We saved Man Ray Portraits exhibition in the National Portrait Gallery as our last treat in London. Like you save your favourite part of the cake for last so that all the goodness lingers on and sends soft pleasure signals to your brain. And what a pleasure it was!
I read in the NPG website, and was quite surprised to learn, that this was the first major museum retrospective of Man Ray’s photographic portraits; something I hadn’t realized until then. Which led to another, all the more pleasant surprise: the discovery, the rare luxury of an exhibition where one could just drop in, always find a ticket and wander about with none of the (what has now become) usual hassle of a “sold out” or “timed” event, the latter being a scheme most exhibitions tend to embrace these days. Really refreshing not to be expected to stand in a queue or adjust a whole day’s schedule to that particular time slot booked months ago, keeping fingers crossed that you’ll keep up with the schedule.
The Man Ray Portraits exhibition was focused on his career in America and Paris between 1916 and 1968, featuring over 150 vintage prints and key works from international museums and private collections. It documented his revolutionary techniques like solarization or his ”rayographs” – a technique of making photos without a camera, by manipulating objects on photosensitized paper and exposing it to light, his experiments with colour, as well as his more commercial work in magazines such as Vogue and Vanity Fair.
Man Ray photographed his friends, lovers, collaborators and contemporary celebrities. These were, of course, no ordinary people. Being a central figure in the Dada and Surrealist movements during his Paris years, he rubbed shoulders with Tristan Tzara, Jean Cocteau, Max Ernst, Paul Eluard and André Breton. His ”inner” circle included Marcel Duchamp – his lifelong friend; Francis Picabia & Pablo Picasso – close friends and collaborators; Salvador Dali, Ernest Hemingway, James Joyce, Getrude Stein, to name but a few. His lovers – the bohemian Kiki de Montparnasse and the sophisticated Lee Miller who was also his assistant and went on to become an acclaimed photographer in her own right; Juliet Browner his model, muse and second wife who, after his death, organised the Man Ray Trust and donated much of his work to museums. I wish he’d photographed his first wife, Adon Lacroix (pen name of Donna Lecoeur) who was a Belgian poet, whom he met in New York in 1913, and of whom we know very little. Unfortunately they went their separate ways already in 1919, around which time Man Ray started producing his first significant photographs.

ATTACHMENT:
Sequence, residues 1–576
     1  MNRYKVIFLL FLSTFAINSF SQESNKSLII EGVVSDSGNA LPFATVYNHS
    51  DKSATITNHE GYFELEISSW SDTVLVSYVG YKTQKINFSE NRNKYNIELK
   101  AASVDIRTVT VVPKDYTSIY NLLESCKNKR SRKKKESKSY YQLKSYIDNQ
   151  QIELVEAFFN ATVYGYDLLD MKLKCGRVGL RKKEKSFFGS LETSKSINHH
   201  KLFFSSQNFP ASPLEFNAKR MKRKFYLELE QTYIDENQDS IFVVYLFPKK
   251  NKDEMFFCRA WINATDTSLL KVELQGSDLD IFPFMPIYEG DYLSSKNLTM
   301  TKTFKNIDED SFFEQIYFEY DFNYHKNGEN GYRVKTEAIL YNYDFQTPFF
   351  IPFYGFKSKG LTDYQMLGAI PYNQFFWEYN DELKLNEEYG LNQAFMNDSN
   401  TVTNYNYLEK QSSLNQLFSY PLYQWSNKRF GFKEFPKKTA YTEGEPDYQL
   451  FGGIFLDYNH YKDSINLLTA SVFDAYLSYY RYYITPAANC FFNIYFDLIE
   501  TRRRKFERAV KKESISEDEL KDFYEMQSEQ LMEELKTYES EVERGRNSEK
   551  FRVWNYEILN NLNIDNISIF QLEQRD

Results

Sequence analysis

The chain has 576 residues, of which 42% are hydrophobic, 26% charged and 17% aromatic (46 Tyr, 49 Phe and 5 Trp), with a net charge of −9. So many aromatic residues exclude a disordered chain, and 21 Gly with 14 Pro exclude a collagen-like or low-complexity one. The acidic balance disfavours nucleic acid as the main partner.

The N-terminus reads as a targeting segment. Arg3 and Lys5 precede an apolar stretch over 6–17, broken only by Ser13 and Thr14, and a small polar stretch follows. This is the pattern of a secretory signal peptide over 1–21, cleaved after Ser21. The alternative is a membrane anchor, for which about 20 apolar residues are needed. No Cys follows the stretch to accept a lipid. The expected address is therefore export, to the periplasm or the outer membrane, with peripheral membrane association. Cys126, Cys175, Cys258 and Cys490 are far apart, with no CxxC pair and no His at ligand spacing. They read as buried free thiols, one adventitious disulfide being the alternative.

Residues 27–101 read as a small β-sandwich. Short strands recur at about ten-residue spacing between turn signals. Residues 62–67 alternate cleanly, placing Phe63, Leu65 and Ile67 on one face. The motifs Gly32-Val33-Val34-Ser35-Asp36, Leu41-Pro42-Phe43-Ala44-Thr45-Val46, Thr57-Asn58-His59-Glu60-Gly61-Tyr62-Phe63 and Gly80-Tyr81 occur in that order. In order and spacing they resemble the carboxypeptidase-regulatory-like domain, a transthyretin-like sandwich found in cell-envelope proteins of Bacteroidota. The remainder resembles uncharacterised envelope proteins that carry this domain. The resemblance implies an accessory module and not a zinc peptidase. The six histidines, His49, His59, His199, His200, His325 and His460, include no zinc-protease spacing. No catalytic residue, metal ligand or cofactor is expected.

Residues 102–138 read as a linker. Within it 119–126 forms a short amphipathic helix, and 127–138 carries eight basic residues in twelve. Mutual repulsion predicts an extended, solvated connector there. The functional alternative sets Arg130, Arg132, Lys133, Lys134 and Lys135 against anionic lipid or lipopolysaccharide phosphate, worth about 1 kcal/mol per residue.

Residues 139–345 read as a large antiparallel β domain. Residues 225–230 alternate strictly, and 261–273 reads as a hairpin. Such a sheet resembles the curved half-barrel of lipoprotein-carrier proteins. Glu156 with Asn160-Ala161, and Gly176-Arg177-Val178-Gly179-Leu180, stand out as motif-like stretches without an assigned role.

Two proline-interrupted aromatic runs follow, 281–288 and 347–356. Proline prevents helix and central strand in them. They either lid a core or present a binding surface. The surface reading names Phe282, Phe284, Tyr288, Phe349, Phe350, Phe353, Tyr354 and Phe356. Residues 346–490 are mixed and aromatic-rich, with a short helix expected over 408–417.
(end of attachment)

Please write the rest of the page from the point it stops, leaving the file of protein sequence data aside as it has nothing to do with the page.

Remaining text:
This is a small time travelling gallery, portraying some of Man Ray’s friends. And these are the sources, along with a lot more about this exceptional artist:
I could not think of anything better to end our latest London venture… except, maybe, for some deliciously decadent sticky toffee pudding!
Later, we kissed London goodbye, hopped on the Eurostar, let the charm sink in, mused upon all that’s yet to come and off we were in Brussels Midi Station in a blink…
We’ll be back soon, Londinium dear…
London, 24-29 April 2013